Neonatal mortality is increasingly important in order to progress on the Millennium Development Goal (MDG) for child survival by 2015 and beyond, as 40% of under-five deaths occur in newborns and 14% of these are attributable to preterm birth complications [1]. Despite the progress in reducing under five mortality, advances in addressing low birth weight (LBW) and prematurity have been slow. Every year around 15 million babies are born preterm, mostly in Africa and South Asia, and over 1 million die due to complications of prematurity [2]. The mortality rate among preterm neonates less than 32 weeks gestational age in some developing countries is over 50% [3, 4], and more than half of these deaths are attributable to vulnerability to infections [5]. Moreover, there has been an increase in preterm birth rates over the past 20 years [6].

Evidence suggests that compromised skin barrier function of preterm newborns serves as an important contributor towards increased susceptibility to infections, hence morbidity and mortality. The high prevalence of malnutrition and environmental load of pathogenic organisms in developing countries further enhances this vulnerability. Newborn oil massage is an intervention that has been a traditional practice in the Indian subcontinent for hundreds of years [79] and this acts by augmenting the mechanical barrier and also is a source of essential fatty acids like linoleic acid [10]. It provides a physical barrier to skin disruption, reduces microorganism invasion and consequently reduces hospital acquired infections [11]. It also reduces transepidermal water loss [12, 13] and conserves heat and energy to promote growth [14].

Mustard oil is the most commonly used emollient, particularly in South Asia, but other natural plant oils like sunflower, sesame, coconut, olive, and soybean oils are also commonly available and used. Animal studies have raised concern that mustard oil is much less effective at promoting and maintaining skin integrity than other emollients [15]. More recently there have been studies suggesting the benefit of newborn massage on brain development, stress reduction and reduced risk of retinopathy of prematurity [16, 17].

Despite the wide body of primary research on emollient therapy there are few syntheses of the existing data. A Cochrane review [18] on this subject only covered extremely low birth weight infants from High Income Countries (HIC). Given the potential for topical emollient therapy to prevent infection in preterm or low birth weight infants in low and middle income countries (LMICs), and the risks that this traditional practice may in fact be harmful, in this review, we have estimated the effect of topical emollient therapy on hospital acquired infection, growth, mortality and other health outcomes among hospitalized preterm infants. We have reviewed the available literature and evaluated the quality of included studies according to the Child Health Epidemiology Group (CHERG) adaptation of Grading of Recommendations, Assessments, Development and Education (GRADE) criteria [19].


We systematically reviewed literature published up to December 2012 to identify studies describing the effectiveness of emollient therapy. Following CHERG Systematic Review Guidelines [19], we searched PubMed, Cochrane Libraries, Embase, and WHO Regional Databases to identify all published and unpublished clinical trials. Additional studies were identified by hand searching references from included studies. Search terms included combinations of emollient* OR “emollient therapy” OR “massage” OR skin care OR oils OR “plant oils” OR “vegetable oils” OR “mineral oil” OR sunflower OR safflower OR coconut OR soybean OR sesame OR massage AND preterm* OR “low birth weight” OR neonate* OR newborn OR LBW. No language or date restrictions were applied in the searches.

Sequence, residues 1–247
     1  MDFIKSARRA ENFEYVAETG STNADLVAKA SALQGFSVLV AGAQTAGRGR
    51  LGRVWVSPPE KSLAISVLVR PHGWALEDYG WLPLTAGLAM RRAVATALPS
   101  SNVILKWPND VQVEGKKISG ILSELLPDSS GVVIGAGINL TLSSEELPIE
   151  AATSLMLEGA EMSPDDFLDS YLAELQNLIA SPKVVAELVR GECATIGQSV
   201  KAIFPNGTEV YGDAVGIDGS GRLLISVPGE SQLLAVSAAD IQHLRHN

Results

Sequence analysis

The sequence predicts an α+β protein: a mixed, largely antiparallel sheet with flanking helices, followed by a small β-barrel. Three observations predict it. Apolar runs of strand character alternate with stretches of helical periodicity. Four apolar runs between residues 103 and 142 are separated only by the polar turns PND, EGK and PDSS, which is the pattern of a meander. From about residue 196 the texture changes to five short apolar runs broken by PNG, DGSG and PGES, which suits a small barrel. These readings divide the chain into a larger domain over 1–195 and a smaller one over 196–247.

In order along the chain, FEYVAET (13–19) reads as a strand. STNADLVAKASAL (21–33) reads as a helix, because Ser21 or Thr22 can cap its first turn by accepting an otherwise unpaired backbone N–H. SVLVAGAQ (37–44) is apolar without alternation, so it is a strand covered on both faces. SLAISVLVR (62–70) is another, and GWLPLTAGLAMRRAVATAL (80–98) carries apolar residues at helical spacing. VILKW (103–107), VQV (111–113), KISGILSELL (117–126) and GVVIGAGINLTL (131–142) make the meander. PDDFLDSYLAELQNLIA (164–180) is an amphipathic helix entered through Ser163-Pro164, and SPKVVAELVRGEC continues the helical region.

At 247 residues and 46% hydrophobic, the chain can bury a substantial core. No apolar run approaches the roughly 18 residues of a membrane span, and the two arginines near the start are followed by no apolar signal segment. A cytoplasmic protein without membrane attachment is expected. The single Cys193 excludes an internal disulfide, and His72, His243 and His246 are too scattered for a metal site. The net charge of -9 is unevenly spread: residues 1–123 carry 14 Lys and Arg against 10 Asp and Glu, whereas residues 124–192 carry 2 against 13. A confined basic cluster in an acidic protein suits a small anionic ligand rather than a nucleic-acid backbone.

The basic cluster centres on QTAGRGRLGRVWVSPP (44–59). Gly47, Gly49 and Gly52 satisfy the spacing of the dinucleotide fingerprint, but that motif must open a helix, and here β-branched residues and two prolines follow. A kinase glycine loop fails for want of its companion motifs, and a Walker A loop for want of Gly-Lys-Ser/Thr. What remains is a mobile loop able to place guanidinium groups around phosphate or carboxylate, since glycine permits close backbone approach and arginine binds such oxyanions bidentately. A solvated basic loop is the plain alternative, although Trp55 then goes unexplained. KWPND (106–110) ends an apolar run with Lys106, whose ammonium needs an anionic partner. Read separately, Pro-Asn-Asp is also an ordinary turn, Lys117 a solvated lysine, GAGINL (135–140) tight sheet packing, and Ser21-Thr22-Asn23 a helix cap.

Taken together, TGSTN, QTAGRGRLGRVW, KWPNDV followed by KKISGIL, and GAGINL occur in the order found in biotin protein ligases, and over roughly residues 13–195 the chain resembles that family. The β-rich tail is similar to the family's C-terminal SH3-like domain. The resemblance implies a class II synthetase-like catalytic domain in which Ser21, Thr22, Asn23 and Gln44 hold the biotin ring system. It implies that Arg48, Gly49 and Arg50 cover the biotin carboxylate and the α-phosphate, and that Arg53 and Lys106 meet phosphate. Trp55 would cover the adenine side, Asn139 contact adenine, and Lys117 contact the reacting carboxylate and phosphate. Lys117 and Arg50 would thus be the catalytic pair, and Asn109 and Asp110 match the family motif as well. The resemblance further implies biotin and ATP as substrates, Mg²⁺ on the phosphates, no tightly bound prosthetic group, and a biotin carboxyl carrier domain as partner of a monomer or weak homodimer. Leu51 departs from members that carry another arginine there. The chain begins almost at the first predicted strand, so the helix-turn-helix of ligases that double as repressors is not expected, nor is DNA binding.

Inclusion criteria

Studies evaluating prophylactic application of topical emollient to preterm neonates (< 37 weeks gestation) and starting within the first 96 hours after birth and continued for at least one week thereafter were included. Studies that included topical emollient versus routine skin care or one topical oil (or a combination of oils) versus another (or a combination of oils) were included. We excluded studies examining the impact of aquaphor, as these are mostly used in developed country settings, or those that were conducted in HIC.

Abstraction, analysis and summary measure

We abstracted data describing study identifiers and context, study design and limitations, intervention specifics and outcome effects into a standardized abstraction form for studies that met the final inclusion criteria as detailed in the CHERG Systematic Review Guidelines [19]. Outcomes of interest included mortality, hospital acquired infections, skin condition, weight, length, head circumference and neuro-developmental outcomes. Each study was assessed and graded according to the CHERG adaptation of the GRADE technique [19].

Quantitative data synthesis

We conducted a meta-analysis for individual studies and pooled statistics were reported as the relative risk (RR) for categorical variables and mean difference (MD) for continuous variables between the experimental and control groups with 95% confidence intervals (CI). Mantel–Haenszel pooled relative risk and corresponding 95% confidence interval (CI) were reported or the DerSimonian–Laird pooled relative risk and corresponding 95% CI where there was an unexplained heterogeneity. All analyses were conducted using the software Review Manager 5.1. Heterogeneity was quantified by Chi2 and I2, which can be interpreted as the percentage of the total variation between studies that is attributable to heterogeneity rather than to chance; a low p-value (less than 0.1) or a large chi-squared statistic relative to its degree of freedom and I2 values greater than 50% were taken as substantial and high heterogeneity. In situations of high heterogeneity, causes were explored by sensitivity analysis and random effect models were used.